After the resist pattern 64 is removed, annealing is performed in a nitrogen atmosphere at 850° C. for 30 min to activate the boron in the first boron implanted layer 63 and the second boron implanted layer 65, forming a first channel doped layer 55 and a second channel doped layer 56. The silicon oxide film 61 is etched with hydrofluoric acid, and the exposed silicon substrate surface is oxidized in an oxygen atmosphere at 850° C. to form 10-nm thick gate oxide films 48 a, 48 b, and 48 c (FIG. 9C).

A 250-nm thick phosphorus-doped polycrystalline silicon film is deposited by CVD. Thereafter, conventional lithography and dry etching techniques are used to form first gate electrodes 49 serving as one electrode of the MOS capacitor, a second gate electrode 50 serving as the gate electrode of the PMOS transistor, and a third gate electrode 51 of the NMOS transistor in desired regions (FIG. 9D). A width L1 of the first gate electrode is 300 nm, and widths L2 and L3 of the second and third gate electrodes are 400 nm.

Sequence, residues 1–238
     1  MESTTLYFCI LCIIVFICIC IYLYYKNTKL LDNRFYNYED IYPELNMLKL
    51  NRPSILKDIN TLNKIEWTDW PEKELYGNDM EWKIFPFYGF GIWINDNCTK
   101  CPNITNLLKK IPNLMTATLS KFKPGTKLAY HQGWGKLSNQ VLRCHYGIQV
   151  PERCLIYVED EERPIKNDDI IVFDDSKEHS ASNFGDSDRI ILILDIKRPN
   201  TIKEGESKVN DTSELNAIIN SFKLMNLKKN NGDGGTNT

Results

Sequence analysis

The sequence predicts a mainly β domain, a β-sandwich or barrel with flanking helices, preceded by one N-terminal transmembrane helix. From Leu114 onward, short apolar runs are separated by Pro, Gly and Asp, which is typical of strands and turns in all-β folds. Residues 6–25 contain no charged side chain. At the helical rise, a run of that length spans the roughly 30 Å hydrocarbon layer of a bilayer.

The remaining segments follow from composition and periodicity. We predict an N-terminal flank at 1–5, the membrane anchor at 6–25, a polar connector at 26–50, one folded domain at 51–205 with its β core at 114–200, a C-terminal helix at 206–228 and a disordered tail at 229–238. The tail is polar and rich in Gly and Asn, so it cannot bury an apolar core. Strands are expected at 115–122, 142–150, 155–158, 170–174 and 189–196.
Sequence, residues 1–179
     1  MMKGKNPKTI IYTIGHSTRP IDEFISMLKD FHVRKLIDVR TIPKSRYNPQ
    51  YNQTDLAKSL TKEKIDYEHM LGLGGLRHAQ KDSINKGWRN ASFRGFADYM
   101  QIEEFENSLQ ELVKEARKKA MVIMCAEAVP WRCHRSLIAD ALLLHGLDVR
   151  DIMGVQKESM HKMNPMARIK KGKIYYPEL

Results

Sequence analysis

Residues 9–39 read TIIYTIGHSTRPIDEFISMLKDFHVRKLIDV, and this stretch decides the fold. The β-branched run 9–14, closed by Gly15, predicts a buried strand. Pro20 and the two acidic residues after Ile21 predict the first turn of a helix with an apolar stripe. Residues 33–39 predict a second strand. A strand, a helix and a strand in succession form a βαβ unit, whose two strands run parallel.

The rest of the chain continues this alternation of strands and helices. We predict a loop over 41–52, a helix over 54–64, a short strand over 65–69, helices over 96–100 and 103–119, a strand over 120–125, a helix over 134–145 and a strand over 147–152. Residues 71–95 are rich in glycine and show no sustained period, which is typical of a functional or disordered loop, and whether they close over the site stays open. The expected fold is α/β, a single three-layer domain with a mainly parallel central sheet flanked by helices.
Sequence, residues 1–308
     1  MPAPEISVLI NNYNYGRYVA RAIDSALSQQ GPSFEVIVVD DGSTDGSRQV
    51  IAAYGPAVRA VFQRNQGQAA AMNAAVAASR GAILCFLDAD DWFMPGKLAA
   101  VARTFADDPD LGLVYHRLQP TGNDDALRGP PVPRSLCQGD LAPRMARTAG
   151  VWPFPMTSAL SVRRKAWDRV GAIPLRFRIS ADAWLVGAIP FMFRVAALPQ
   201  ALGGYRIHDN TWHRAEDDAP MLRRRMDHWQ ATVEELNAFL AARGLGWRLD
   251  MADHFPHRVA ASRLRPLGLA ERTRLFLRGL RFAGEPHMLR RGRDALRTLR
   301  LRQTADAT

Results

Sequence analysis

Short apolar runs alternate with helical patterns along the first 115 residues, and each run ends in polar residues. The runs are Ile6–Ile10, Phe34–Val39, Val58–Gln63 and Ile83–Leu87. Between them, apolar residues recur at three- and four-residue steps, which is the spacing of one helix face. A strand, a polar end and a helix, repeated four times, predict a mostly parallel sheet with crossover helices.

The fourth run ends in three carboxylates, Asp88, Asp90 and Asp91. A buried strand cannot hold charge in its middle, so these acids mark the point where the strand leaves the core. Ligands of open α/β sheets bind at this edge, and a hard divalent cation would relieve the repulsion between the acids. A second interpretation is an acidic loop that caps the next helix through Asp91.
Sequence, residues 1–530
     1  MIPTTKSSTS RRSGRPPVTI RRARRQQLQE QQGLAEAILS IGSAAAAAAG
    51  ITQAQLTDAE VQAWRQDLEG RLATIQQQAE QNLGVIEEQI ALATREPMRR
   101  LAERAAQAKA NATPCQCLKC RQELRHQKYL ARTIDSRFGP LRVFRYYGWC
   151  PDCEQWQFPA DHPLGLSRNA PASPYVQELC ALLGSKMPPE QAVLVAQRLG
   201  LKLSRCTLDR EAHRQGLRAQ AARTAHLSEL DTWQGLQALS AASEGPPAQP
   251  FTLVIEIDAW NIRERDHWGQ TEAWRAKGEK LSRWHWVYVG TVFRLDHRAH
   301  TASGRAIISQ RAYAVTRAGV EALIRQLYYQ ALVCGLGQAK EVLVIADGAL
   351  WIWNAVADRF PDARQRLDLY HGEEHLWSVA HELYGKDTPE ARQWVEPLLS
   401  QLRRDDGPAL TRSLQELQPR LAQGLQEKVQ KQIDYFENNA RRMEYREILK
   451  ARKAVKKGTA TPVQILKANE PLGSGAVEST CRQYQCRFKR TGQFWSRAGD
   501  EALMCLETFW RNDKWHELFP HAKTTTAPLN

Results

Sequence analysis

A resist pattern 66 is so formed as to cover the PMOS transistor region 42 and the NMOS transistor region 43 and open the MOS capacitor region 41. 5×1015 cm−2 of boron ions are implanted at an energy of 40 keV into the MOS capacitor region 41 by ion implantation, thereby forming a heavily doped boron implanted layer 67 (FIG. 9E).

After the resist pattern 66 is removed, first annealing is performed in a nitrogen atmosphere at 900° C. for 30 min to activate the boron in the boron implanted layer 67, forming a first P+ diffusion layer 52 (FIG. 9F). In this first annealing, the boron in the boron implanted layer 67 diffuses and extends downward and laterally. A length ΔX1 of the lateral extension from an end portion of the first gate electrode 49 to a portion immediately below the first gate electrode 49 is about 250 nm. That is, since the boron in the boron implanted layer 67 extends from the two ends of the first gate electrode 49, the portions of the first P+ diffusion layer 52 extending from the two ends of the first gate electrode 49 overlap each other in a central portion of the first gate electrode 49. This completely changes the surface of the N well 45 in the region below the first gate electrode 49 into a diffusion layer with a high P-type impurity concentration.